“Welcome to Russia: This is the World Cup”

Ты не понимаешь (Ty ne ponimayesh’)”, she said with a huff for probably the 10th time. Then she let out a sigh, hands on her hips. She was right. I didn’t understand. There was something about theключи (kluchi)” and she kept saying “я приду (ya pridu)” over and over again. I had just flown into the southern Russian city of Rostov after having spent almost 2 weeks further north in St. Petersburg. After waiting awhile at the airport, I had received a Facebook message from someone I had never met with an address which I showed to a taxi driver waiting nearby. He had whisked me into the city and dropped me at the end of a dark driveway in front of 5 non-descript concrete apartment blocks. A neighbor on the sidewalk had shown me which building I wanted, so I rang the doorbell and waited. A few minutes later and I was in the spotless kitchen of a modern, urbanized version of the famous babushka, complete with the apron, just without the headscarf. Apparently, she was the mom of a friend of the cousin of my friend, the friend who was not arriving until the next day and who had tried to arrange this accommodation at the last minute. It was now almost midnight and from what I could understand, which was very little, this Russian grandma was convinced that this American boy who had just arrived didn’t know how to use the keys to properly lock the door to this apartment. That, and the little kid by her side had tennis lessons at 9 the next morning. At least I knew that much. I was tired, feeling awkward, and wondering if there could not have been a better way to arrange all this. She was probably tired, feeling awkward, and wondering the same thing.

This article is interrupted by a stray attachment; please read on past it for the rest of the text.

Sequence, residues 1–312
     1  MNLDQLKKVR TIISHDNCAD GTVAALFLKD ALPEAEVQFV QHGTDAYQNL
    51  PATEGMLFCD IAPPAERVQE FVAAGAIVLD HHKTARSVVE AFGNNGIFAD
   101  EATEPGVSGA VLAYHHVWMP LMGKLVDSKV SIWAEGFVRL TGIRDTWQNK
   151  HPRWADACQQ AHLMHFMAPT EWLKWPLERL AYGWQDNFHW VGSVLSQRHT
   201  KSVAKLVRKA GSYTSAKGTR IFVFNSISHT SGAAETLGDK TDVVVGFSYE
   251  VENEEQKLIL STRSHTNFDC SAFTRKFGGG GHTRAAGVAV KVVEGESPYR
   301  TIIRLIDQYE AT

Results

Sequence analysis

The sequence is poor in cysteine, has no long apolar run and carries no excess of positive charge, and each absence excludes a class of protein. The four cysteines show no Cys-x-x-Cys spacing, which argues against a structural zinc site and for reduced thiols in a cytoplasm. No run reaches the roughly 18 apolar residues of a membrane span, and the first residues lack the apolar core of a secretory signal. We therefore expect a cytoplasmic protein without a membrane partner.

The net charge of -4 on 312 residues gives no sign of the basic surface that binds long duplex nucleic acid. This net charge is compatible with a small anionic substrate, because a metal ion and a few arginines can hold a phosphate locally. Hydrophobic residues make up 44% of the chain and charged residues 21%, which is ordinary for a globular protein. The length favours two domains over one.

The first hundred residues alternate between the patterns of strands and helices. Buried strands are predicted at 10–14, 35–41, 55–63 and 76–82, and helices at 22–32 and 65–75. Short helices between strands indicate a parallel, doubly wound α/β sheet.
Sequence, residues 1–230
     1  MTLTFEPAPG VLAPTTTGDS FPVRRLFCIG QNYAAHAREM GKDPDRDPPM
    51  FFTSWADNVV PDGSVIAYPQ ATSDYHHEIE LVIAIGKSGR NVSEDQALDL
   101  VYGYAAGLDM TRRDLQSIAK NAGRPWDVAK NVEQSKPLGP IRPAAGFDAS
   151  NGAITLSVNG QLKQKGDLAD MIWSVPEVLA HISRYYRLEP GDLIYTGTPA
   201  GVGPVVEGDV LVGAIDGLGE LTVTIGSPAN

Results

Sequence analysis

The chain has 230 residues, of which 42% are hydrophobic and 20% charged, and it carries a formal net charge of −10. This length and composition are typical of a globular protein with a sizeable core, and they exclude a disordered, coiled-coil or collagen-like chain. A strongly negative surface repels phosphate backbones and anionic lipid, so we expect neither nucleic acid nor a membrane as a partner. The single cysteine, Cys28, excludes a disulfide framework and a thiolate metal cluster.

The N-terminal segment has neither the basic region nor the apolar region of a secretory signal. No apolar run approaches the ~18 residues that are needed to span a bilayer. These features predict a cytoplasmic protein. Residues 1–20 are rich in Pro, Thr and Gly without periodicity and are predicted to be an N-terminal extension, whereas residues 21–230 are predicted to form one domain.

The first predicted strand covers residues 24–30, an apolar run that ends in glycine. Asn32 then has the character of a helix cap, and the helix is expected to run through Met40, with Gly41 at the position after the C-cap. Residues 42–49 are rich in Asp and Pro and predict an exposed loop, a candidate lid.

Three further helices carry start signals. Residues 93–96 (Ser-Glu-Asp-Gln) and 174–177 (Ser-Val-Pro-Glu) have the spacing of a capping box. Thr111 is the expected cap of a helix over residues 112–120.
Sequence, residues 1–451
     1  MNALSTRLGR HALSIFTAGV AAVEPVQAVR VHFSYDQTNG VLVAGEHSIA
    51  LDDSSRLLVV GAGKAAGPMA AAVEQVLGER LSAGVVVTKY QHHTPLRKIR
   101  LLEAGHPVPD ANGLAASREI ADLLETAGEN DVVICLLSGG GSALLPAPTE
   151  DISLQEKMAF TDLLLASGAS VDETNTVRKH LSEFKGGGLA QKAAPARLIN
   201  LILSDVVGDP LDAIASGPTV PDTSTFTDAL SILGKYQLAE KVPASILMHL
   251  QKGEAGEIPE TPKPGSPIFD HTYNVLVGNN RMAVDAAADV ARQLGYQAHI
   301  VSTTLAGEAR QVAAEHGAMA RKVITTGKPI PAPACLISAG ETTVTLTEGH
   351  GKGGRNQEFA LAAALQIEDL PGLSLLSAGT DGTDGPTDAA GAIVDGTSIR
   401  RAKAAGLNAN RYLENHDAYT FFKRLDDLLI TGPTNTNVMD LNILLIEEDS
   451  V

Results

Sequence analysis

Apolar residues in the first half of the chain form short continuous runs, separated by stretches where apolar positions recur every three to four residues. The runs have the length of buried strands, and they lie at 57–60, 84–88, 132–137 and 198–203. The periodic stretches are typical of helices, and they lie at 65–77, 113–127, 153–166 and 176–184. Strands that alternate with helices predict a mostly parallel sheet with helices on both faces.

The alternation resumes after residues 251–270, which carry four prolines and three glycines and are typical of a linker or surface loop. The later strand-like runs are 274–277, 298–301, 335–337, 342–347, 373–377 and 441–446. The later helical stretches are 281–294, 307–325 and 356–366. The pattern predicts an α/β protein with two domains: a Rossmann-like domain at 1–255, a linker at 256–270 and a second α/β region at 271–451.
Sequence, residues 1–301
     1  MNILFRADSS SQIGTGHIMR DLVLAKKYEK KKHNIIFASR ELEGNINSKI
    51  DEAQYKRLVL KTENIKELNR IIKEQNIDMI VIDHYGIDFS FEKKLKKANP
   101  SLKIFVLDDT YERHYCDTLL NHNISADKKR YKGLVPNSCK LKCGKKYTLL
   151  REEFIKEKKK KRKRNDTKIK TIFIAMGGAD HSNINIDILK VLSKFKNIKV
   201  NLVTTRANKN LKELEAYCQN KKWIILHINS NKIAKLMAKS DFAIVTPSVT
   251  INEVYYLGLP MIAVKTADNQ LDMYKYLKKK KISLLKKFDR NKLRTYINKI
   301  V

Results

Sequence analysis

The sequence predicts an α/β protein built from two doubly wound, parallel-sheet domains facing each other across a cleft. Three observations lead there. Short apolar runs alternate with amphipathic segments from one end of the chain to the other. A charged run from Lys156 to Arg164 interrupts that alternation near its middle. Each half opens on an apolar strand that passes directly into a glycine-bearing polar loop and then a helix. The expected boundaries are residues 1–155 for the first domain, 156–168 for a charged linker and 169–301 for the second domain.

Ты не понимаешь, she muttered one more time, shaking her head, before leaving me the keys, taking her grandson by the hand, and stepping out into the staircase. I watched through the peephole as they marched back down the stairs, to another unit in the building, satisfied that this stranger was not a danger to himself or others.

I was here, of course for the 2018 World Cup, my fourth consecutive pilgrimage to the world’s most followed sporting event. The tournament brought me to Germany in 2006, South Africa four years later, followed by Brazil in 2014, and for three weeks this summer, Russia. Of the four experiences, Brazil belongs in a category all its own, but that doesn’t mean that the others, including this most recent edition, weren’t amazing in their own way.

Going in, I had mixed expectations. I knew I would enjoy the soccer and the atmosphere that comes with fans pouring in from all over the world, but as for Russia itself, I wasn’t so sure. I had heard the dire warnings from those living across the border in Finland, where I was staying for the summer. Stories about reckless drivers, lawlessness, and notoriously violent soccer fans. Then there were the legends of doom and gloom from the old Soviet Union, people who never smile, armies of alcoholic men, and brigades of beguiling, gold-digger women. I’ve been in enough countries by now that I should have known better, but by the time my train pulled into St. Petersburg, I half expected to be met by a mix of secret agents, brawling thugs, drug addicts, and perhaps a few James-Bond-girl lookalikes in sparkly mini-dresses. I arrived to find none of the above, and instead hopped onto a very user-friendly subway, and finally checked into one of the nicest hostels that I have ever stayed in.

Over the next 3 weeks, I had the chance to explore both St. Petersburg and Rostov and take in the tournament. Surprisingly, western European fans, with the exception of everybody’s favorite fans from Iceland, were largely absent from the festivities, and those that did make the relatively short trip mostly followed their teams, stuck to themselves and added very little to the festival atmosphere. In contrast, most of the